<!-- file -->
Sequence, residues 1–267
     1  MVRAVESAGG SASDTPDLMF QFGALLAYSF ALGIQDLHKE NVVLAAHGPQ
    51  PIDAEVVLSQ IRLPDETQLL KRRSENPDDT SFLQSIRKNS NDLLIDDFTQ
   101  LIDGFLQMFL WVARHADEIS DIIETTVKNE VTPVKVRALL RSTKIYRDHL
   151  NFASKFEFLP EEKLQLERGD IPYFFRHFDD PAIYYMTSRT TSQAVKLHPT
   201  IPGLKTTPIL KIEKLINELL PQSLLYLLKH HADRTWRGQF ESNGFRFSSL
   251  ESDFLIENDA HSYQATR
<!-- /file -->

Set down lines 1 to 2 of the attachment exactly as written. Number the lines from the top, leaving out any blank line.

Sequence, residues 1–267
     1  MVRAVESAGG SASDTPDLMF QFGALLAYSF ALGIQDLHKE NVVLAAHGPQ